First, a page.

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Gilmore Girls was wildly popular when it first aired back in 2000; however, it has been elevated to cult status in recent years thanks to Netflix. With a new generation of viewers, the show has received new life, but the same plot holes that were present in 2000 exist today. One major issue that is never addressed is exactly how Lorelei manages to swing her lifestyle. While show creators paint Lorelei as a self-made woman, her spending habits would likely have had her in the poor house sooner rather than later. It’s possible that Lorelei isn’t nearly as self-made as one would believe. So, did she have help from Richard and Emily Gilmore? She would have had to make the numbers work.

How much would Lorelei have really made as the manager of The Independence Inn?

In the early seasons of Gilmore Girls, it is mentioned that Lorelei has worked her way up from a maid to the manager of the Independence Inn. While the job is an impressive one, it’s not one that commands a considerable paycheck. According to Sapling, the average general manager of an inn makes around $54,000 per year.

Rory and Lorelei Gilmore
Alexis Bledel as Rory Gilmore and Lauren Graham as Lorelei Gilmore | Warner Bros./Delivered by Online USA

Once the inn burns down and Lorelei and Sookie embark on their journey to business ownership, the numbers don’t get much better. New businesses don’t turn a profit overnight. In fact, the general rule of thumb is that it takes a company, on average, three years to become profitable. 80% of businesses never make it to that point, according to Forbes.

While the Dragonfly Inn is said to be wildly successful, it still would have taken Sookie and Lorelei until the final season to turn a real profit, if they were decidedly average. It’s possible, however, that they turned a profit sooner, considering the inn’s alleged success.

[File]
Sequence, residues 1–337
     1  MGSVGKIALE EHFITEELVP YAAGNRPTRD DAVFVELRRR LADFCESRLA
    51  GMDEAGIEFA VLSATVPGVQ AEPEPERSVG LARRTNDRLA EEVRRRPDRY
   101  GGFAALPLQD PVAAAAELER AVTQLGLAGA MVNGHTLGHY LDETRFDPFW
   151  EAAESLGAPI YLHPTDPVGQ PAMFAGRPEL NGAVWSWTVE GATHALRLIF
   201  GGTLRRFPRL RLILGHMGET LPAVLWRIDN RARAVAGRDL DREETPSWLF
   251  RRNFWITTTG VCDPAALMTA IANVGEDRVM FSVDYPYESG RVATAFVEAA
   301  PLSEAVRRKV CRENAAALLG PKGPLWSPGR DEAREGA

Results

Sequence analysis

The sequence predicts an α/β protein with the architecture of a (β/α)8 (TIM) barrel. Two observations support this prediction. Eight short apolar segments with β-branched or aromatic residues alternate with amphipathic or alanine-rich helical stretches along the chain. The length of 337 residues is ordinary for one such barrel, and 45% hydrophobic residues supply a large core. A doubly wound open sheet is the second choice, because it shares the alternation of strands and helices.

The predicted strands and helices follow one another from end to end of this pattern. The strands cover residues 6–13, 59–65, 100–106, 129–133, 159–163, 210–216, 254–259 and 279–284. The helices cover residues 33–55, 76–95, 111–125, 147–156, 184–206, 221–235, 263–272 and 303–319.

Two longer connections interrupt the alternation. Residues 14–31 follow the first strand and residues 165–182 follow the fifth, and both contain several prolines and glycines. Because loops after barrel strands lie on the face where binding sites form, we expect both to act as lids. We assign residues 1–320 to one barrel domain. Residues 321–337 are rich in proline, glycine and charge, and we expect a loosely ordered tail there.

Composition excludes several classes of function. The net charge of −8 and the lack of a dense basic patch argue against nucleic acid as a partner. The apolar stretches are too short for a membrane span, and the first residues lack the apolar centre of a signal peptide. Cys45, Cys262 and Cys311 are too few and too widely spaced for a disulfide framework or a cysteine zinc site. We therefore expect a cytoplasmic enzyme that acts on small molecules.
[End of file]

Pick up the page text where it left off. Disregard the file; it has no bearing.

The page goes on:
Lorelei’s takeout habit alone would have made her go broke

Takeout is a beautiful thing. Everyone loves to get a pizza delivered to their door. Getting to saunter out of a Chinese food dive with a bag bursting with wonton soup containers is excellent, too. Eating takeout nightly, however, gets expensive very quickly.

Lorelei and Rory reside in Connecticut. While Stars Hollow is a fictional town, it’s based mainly on several villages in Litchfield County. A plain cheese pizza sells for an average of $16 in Connecticut, according to Parade. Chinese food chits vary. Two people can spend between $15 and $30 on a takeout order depending on what dishes they pick and how many appetizers they add. Rory and Lorelei both have ferocious appetites, so the bill would likely skew north of $30 fairly regularly.

Their dinner habits aren’t the only cause for concern, either. Rory and Lorelei are regularly seen grabbing breakfast at Luke’s. The average omelet at a diner will cost around $8, and a cup of coffee adds an additional $1.50 to the tab. The family of two’s breakfast habits would easily cost approximately $20 a day.

No one ever addresses the trust funds

Fans are fully aware that Richard and Emily Gilmore are more than comfortable financially. Both born into wealthy families, the creators of Gilmore Girls never shy away from the opportunity to mention just how wealthy the family is. Somehow, however, they skate entirely over the concept of trust funds, or at the very least, they avoid discussing Lorelei’s access to the family’s money.

We know, for a fact, that Rory absolutely has one. Richard mentions it during Season 6 when he’s trying desperately to get Rory to return to Yale. Richard’s mother also mentions a trust that has been set up in Rory’s name. It’s safe to say, if Rory had a trust fund, Lorelei had one, too. A trust fund, however, remains entirely inconvenient for the overarching plot of the show, so it’s never mentioned.

Any superfan can assume that Lorelei, for all her posturing about hating the world she grew up in, likely benefited financially from it at some point. After all, it’s really the only way to explain how a then-maid could have afforded a rather comfortable home in Connecticut by the age of 27, all while single-handedly supporting a young child.